We live in a society that seemingly embraces the dictum -
It is easier to ask forgiveness than to ask permission.
We live in a society in which men mock their friends as “whipped” if they so much as consult their life-partner on a decision.
At every step, we are exhorted to “Just Do It!” — “Go for it!”. In every moment, we all know that failure to take the risk, introduces the risk of being labelled a coward, a failure, a “less-than”.
How often has a “boss” told you to “take initiative”; told you to “stop waiting for permission”…
I’m sure you’ve heard of transference. Most of us know of transference in the context of psychological counselling. You know — the patient develops feelings for their shrink. While we may think it’s just a joke, it is so iconically real that it’s become a persistent plot point in many books, movies, and TV series.
What we are less aware of though, is that falling in love with one’s shrink is actually the least common form of transference. …
My writing is usually prompted by a title. That’s how my mind works. Not today. Things are a bit different today. Whether that difference will turn out to be better or worse remains to be seen.
If you’ve been following my writing on Medium, you’ve probably gathered that I’m going through a bit of a tough time. I won’t go into too many details, but here’s a nutshell summary.
Even when life has repeatedly kicked the crap out of us, we still have moments of optimism. We still occasionally (okay, nearly always) wish that we, and our lives, could be better than they are.
Some of our first conscious thoughts as an infant, probably had to do with ambitions to be someone we were not yet; to do something we had not yet done. Otherwise, why would we have bothered to learn to talk, walk, or do anything for ourselves?
Think about it from a baby’s perspective, they have it made. Babies are held, loved, snuggled, fed, cleaned, and…
In recent times, “mindfulness” has become one of those words that often causes grimaces, and surreptitious searches for the nearest exit. There are certain people you just don’t want to be trapped with in a lift. Think “evangelists” of all types — vegetarians/vegans, animal activists, evangelicals, atheists, minimalists, bitcoin enthusiasts, and mindfulness practitioners.
Please don’t get me wrong. I don’t think that there’s anything wrong with those people or their practices … per se. Some of them are wonderful. (it’s me … not them?)
Seriously though. Much of what these, and other enthusiastic people have to say is true, helpful…
I can’t remember how many times, during my youth, I heard things like, “Curiosity killed the cat”. I’m sure most of you had similar experiences.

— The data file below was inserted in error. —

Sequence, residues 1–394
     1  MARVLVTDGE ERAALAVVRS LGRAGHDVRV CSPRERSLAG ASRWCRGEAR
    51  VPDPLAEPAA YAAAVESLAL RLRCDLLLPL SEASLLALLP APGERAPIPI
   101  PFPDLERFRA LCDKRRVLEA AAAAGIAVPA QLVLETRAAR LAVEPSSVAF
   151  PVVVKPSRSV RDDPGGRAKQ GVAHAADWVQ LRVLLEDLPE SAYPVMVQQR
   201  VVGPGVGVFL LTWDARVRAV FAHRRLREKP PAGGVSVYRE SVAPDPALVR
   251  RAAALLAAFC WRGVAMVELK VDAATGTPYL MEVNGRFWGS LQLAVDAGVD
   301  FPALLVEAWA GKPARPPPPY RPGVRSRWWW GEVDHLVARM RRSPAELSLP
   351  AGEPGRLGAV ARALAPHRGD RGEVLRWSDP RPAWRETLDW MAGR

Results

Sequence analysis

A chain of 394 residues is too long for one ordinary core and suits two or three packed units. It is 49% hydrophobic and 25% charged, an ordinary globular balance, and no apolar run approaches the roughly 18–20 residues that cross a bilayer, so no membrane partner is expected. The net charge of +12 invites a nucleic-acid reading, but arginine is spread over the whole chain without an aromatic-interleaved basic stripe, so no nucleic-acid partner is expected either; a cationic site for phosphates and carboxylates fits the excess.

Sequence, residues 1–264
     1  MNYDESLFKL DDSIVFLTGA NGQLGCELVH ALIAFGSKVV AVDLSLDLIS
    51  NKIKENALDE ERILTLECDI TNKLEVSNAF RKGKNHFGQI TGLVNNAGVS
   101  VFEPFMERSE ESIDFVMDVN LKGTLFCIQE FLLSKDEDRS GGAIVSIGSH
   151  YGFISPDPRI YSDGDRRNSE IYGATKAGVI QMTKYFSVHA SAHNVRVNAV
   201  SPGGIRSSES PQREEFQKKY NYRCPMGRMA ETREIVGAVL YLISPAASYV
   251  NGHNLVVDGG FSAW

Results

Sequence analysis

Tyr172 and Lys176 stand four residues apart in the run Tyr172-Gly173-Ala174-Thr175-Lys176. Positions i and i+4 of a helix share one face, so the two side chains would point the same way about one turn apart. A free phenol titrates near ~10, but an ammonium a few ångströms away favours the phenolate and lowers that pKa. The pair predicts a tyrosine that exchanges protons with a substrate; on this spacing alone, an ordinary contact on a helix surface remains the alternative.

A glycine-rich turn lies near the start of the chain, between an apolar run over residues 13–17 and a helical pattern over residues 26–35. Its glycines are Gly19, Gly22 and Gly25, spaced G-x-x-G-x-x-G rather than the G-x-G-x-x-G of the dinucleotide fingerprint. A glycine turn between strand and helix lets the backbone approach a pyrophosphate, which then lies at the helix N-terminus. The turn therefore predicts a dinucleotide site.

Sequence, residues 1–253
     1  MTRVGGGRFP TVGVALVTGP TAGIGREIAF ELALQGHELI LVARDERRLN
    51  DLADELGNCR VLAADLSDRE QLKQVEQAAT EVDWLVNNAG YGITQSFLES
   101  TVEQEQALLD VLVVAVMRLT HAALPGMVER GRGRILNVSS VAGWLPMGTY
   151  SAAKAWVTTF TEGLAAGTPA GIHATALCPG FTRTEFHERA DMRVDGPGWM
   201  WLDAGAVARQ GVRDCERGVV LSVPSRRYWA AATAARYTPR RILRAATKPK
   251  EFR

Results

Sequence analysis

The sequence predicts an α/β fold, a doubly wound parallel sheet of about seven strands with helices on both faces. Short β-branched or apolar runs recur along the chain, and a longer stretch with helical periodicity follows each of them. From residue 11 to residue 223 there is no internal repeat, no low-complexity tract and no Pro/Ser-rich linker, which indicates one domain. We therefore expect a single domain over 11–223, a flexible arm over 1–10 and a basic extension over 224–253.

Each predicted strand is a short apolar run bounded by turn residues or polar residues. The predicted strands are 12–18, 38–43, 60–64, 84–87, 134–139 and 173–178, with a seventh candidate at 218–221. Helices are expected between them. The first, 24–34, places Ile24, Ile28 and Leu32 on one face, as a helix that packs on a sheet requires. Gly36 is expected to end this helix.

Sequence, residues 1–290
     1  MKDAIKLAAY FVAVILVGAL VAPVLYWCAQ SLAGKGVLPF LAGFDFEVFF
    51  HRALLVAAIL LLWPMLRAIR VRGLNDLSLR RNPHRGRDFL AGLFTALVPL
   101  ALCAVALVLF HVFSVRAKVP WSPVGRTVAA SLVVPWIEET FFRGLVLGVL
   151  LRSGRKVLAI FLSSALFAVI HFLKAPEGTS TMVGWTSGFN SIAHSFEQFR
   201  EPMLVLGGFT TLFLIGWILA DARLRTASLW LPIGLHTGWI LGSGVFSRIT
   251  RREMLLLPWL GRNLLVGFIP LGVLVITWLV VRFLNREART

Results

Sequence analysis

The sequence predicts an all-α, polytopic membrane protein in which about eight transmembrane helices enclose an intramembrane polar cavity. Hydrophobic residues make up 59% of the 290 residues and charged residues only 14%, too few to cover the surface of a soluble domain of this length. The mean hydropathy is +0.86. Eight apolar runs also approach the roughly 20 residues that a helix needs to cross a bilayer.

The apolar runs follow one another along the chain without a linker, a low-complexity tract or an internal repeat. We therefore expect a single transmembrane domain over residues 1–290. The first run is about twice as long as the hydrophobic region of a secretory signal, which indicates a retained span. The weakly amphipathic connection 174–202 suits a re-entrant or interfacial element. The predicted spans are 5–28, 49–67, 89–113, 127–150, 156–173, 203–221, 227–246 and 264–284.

Many of the questions we asked as children, were answered with a “curiosity killed the cat”-type brush-off. I’d love to be able to say that things have changed for the better in the decades since I was a child … but they haven’t. Children still hear things like :
“Curiosity killed the cat.” “Little children shouldn’t ask big questions.” “Children should be seen and not heard.” “I’ll tell you when you’re older.” “You’re too young…
Sometimes a week doesn’t go quite as planned. Sometimes that week is a year. Sometimes, it may feel more like a lifetime.
So, when weeks like that crop up, what do you do?
What happens when you sit down to write in the suddenly, critically-limited time available, and … nothing.
So, you comb through your Evernote Ideas notebook, and … nothing. Nothing that catches your attention. Nothing that fires up those soggy braincells. Nothing to excite or inspire. Nothing into which you feel you can put heart and soul.
So, what do you write, when there’s nothing to write?
Last week, I wrote about Equality, Equity, and Freedom. Ironically, it currently (at time of writing) seems to be one of my least popular articles, ever. None-the-less, I will keep the promise I made in that article.
(you should read last week’s article to get full value from this one)
Today I’m writing about how to :
Conventional wisdom tells us to rely on our strengths, while we work on our weaknesses.
Human equality, and its resultant human rights, are loudly, proudly, and persistently touted as a founding concept of western civilisation.
The United States Declaration of Independence, adopted in 1776, contains the following statement :
We hold these truths to be self-evident, that all men are created equal, that they are endowed by their Creator with certain unalienable Rights, that among these are Life, Liberty and the Pursuit of Happiness.
But, the idea, and even the legislation of human equality has existed for far longer than that.
In 1215, in England, the Magna Carta Libertatum (Great Charter of Liberties) was adopted…